the birth of cyanide
"Centuries later cyanide became more readily available in large and lethal quantities. That happened, in part, due to some experiments by a German painter who in 1704 was only trying to improve the colors on his palette.
"The artist, one Heinrich Diesbach, was a born experimenter. He spent hours in the laboratory of a Berlin chemist, trying to create a new shade of red paint. He swirled together wilder and wilder mixtures, eventually mixing dried blood, potash (potassium carbonate), and green vitriol (iron sulfate), then stewing them over an open flame. He expected the flask to yield a bloody crimson, but instead a different brilliance appeared—the deep violet-blue glow of a fading twilight. Diesbach called the vivid pigment Berlin blue; English chemists would later rename it Prussian blue.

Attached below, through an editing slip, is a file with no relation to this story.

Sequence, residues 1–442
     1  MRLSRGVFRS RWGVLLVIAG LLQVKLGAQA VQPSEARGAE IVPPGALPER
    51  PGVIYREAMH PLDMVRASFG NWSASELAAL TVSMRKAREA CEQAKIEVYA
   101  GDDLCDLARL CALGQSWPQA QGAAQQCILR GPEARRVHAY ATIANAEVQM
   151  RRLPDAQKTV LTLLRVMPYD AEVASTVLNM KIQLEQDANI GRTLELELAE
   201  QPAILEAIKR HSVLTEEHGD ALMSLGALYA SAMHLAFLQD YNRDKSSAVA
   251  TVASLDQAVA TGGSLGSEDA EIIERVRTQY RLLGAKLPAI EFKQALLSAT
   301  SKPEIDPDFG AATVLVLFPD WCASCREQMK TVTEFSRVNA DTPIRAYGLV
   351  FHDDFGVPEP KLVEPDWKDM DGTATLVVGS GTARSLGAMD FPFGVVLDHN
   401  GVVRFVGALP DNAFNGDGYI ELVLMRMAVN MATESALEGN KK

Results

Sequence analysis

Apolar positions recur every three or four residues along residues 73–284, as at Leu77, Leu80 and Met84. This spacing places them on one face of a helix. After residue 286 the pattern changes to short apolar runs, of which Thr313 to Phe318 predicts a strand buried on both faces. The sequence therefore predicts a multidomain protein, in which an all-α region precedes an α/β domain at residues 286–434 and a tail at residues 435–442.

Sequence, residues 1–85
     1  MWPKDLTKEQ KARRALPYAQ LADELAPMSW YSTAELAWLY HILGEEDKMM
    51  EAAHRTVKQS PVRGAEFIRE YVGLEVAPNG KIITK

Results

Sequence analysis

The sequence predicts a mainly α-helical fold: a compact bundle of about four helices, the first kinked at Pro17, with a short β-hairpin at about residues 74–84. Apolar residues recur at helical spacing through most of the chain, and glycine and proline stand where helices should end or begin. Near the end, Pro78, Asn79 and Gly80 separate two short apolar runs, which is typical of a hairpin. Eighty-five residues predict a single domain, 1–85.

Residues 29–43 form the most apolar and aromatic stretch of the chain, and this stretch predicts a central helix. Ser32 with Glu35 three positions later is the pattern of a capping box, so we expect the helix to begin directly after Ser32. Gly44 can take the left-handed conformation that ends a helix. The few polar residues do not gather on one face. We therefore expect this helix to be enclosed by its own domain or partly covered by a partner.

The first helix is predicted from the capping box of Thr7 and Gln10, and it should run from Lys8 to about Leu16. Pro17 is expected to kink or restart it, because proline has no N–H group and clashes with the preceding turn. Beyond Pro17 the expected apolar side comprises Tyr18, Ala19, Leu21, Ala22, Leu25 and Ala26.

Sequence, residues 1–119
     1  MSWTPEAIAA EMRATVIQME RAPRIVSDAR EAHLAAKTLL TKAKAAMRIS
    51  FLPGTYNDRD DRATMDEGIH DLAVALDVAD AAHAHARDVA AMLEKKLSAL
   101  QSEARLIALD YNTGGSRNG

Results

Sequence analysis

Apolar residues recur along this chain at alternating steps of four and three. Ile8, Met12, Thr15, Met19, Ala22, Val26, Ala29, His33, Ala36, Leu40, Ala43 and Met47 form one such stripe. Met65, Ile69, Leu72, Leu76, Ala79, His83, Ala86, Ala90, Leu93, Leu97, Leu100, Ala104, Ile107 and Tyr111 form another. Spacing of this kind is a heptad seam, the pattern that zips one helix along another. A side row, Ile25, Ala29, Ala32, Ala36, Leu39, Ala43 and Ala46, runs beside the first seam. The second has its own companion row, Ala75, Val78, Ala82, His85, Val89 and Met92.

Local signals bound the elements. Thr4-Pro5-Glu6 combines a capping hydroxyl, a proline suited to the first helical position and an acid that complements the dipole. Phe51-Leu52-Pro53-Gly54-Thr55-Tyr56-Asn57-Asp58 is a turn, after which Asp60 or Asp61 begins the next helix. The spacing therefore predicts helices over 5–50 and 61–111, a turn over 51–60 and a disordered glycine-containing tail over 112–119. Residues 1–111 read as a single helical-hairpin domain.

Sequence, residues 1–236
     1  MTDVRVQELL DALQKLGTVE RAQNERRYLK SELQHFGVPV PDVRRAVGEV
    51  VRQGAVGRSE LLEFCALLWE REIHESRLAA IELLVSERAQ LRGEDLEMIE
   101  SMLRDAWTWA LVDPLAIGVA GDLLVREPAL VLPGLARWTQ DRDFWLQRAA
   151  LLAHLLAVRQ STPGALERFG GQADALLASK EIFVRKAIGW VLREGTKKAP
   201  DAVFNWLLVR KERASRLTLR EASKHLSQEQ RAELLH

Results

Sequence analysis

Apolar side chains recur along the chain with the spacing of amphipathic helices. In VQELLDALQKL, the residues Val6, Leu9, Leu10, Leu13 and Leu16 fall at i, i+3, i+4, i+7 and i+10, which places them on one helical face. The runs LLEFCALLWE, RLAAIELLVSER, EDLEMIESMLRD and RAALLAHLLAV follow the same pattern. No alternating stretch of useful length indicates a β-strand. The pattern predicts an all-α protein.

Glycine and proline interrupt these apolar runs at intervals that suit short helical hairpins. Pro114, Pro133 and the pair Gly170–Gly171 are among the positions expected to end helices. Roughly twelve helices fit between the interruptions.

"Almost eighty years later a Swedish chemist mixed Prussian blue with an acid solution, heated the witchy, foaming result, and produced a colorless gas, undetectable but for a faint smell of bitter almonds. The gas easily condensed into a clear liquid that, even diluted with water, was an exceptionally potent acid. That corrosive liquid became popularly known as Prussic acid, although scientists preferred to call it hydrocyanic acid (from the Greek words hydro for water and kyanos for blue).
"The gas was hydrogen cyanide (HCN), a deceptively simple, spectacularly lethal bundle of hydrogen, carbon, and nitrogen atoms."